The fire spread quickly. Onlookers on the Astoria shore noticed “a solid mass of flames” lurching in the water toward North Brother Island. The few men aboard the pleasure cruiser jumped into the water and swam to safety. But most women, not knowing how to swim, remained aboard. They shielded the children and desperately hoped to be rescued before the fire spread. From eyewitness accounts the New York Times reported, “With sure death from fire behind, the women . . . waited until the flames were upon them, until they felt their flesh blister, before they took the alternative of the river. . . Babies …were dropped into the water by scores, and finally the women were forced over the rail and hundreds of them fell into the river.” Nearly all drowned.
Of the estimated 978 women and children aboard the excursion steamboat, the General Slocum, nearly all died. Most drowned just a few feet from shore in relatively shallow waters because they did not know how to swim. Fire fighters, police officers, and volunteers worked for days to free dead bodies lodged under the sunken ship. Mass burials took place as many of the bodies, so swollen from water immersion, could not be identified. The Times cautioned, “one of the lessons which the General Slocum horror should bring home to every woman and girl in New York City is the desirability of knowing how to swim.”
While catastrophes like the General Slocum commanded the most attention, thousands of accidental drowning deaths occurred in the US annually and most fatalities involved women and children. They simply did not know how to swim.
Why did so few women know how to swim in the early 20th century?
Some concluded that women were biologically inferior or incapable of swimming. One common cultural stereotype held that men were innately predisposed to athleticism and that swimming was a “masculine sport,” far too challenging for women. Others realized that drowning had less to do with biological deficiency than it did with culture. Few women had access to proper instruction or time in which to learn. Additionally, the heavy cumbersome bathing suit deterred many women from learning to swim at all; those brave enough to try were often immobilized in the water.
Women ventured to bath houses located along river banks and ocean beaches to cool themselves and allow their children, who played in the water. Women’s long, dark, heavy bathing suits permitted frolicking in the surf, but they made swimming–for those few women who knew how to swim–very difficult. If a wave knocked an unsuspecting woman off balance, she could easily have drowned. And often they did–sometimes while trying to save a child.
As newspapers lamented the needless deaths by drowning, municipalities began initiating “Learn to Swim” campaigns targeted to women. Postcards, posters, and newspaper articles encouraged and admonished women to learn to swim as a life-saving measure for themselves and–most importantly–for the nation’s children.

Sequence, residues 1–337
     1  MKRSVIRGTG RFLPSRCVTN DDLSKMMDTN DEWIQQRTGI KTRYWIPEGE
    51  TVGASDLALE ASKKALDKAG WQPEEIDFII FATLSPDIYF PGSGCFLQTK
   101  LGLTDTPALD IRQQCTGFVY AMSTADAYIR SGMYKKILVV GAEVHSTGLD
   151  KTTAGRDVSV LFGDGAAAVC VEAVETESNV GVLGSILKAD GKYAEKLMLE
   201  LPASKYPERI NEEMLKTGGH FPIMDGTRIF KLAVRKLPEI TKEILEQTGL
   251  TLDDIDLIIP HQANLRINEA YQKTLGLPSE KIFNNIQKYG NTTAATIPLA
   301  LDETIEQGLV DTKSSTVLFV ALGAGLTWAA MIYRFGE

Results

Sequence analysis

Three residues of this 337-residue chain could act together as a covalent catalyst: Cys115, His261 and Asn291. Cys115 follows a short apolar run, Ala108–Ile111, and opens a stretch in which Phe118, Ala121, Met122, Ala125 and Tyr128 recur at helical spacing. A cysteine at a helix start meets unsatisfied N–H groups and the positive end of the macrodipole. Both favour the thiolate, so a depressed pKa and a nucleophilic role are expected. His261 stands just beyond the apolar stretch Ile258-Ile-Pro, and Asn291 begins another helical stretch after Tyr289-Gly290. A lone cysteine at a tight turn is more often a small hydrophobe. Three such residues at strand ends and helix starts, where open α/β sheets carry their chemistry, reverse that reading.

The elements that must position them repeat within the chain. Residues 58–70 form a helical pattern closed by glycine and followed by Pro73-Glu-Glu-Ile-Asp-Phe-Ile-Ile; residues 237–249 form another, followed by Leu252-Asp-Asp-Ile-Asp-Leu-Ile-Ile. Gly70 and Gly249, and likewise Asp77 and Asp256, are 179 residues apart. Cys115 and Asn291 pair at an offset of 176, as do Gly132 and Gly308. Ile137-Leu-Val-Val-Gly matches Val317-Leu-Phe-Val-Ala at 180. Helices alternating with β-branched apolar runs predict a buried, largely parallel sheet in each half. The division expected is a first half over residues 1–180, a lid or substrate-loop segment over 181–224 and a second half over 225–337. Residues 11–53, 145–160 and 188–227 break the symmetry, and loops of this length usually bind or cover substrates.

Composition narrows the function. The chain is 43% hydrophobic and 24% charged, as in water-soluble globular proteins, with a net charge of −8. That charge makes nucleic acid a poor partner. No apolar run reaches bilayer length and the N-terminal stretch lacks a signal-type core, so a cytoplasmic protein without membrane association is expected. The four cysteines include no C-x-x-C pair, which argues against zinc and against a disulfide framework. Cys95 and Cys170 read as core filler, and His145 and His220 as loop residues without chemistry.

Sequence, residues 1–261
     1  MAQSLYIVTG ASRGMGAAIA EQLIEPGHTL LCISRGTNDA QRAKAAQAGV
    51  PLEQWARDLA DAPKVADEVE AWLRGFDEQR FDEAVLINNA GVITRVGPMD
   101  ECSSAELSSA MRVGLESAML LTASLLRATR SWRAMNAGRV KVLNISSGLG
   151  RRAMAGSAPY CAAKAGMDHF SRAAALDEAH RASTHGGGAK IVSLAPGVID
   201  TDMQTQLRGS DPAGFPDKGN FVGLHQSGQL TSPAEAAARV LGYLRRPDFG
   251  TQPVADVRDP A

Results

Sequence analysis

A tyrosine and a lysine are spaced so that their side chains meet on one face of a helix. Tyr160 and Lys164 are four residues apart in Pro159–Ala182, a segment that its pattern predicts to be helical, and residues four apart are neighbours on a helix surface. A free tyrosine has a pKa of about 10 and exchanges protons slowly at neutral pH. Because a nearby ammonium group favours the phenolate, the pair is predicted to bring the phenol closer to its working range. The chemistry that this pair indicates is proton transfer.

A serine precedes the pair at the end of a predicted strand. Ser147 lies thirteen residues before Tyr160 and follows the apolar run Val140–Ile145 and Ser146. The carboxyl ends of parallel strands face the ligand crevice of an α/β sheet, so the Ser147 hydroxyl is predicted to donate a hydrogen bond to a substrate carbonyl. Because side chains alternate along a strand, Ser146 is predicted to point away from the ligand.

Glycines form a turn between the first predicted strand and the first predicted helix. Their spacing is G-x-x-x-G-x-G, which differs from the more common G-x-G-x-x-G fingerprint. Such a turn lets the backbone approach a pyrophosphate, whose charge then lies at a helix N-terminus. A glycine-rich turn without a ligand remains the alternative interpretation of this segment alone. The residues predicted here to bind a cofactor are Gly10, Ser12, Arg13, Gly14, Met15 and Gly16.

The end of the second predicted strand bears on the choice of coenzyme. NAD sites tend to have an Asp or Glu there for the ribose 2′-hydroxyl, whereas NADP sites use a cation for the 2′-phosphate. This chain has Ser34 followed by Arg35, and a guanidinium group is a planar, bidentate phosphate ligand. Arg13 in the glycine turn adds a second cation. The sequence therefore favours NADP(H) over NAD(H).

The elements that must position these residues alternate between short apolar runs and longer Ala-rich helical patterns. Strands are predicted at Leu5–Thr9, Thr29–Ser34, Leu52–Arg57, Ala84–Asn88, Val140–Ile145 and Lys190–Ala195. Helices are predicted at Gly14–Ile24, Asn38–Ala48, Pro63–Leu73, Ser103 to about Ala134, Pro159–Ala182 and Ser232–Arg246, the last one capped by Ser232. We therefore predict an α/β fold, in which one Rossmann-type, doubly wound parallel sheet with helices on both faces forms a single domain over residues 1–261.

As cities began offering swimming instruction to women, individuals advocating for swimsuit reform–like Lucille Eaton Hill, Edwyn Sandys and Annette Kellerman–began finding audiences receptive. Thus advertising campaigns about public safety worked together with advertisements glamorizing swimming for women and began to dismantle the stereotype that swimming was a masculine sport unsuitable for women.
In the late 19th and early 20th centuries middle-class propriety delineated appropriate interactions between the sexes in most social settings. Swimming pools were segregated by gender and race. Typically, pools allowed women access at separate times or days–if they permitted women access at all. Beaches didn’t have such rules. Public safety advertisements successfully persuaded the general public that men and women could (and should) swim together on public beaches because most believed that men could not only safeguard women but teach them basic elements of swimming.
So, while most sports segregated participants according to gender, the dangers posed by the surf allowed conservatives to condone mixed-gender swimming. Photographer G.C. Hovey captured a group of mixed swimmers frolicking after a distance swim in New York, August 1906.
The early 20th century “Learn to Swim” campaign was successful: It wasn’t long before women begin outdistancing men in open water marathon swimming. But the campaign may have had unintentional effects and generated beliefs about race and swimming. The photograph “In the Swim” illustrates clearly the homogenous racial composition of the group. Thus these early “Learn to Swim” campaigns that targeted women may have inadvertently (or purposefully) reinforced another cultural stereotype: that swimming was a “white” activity. Today, sadly, death by drowning is capturing headlines again. This time, however, the victims are predominantly nonwhites: 70 percent of African-American children don’t know how to swim and are three times more likely to drown than other children. Are our cultural stereotypes killing us?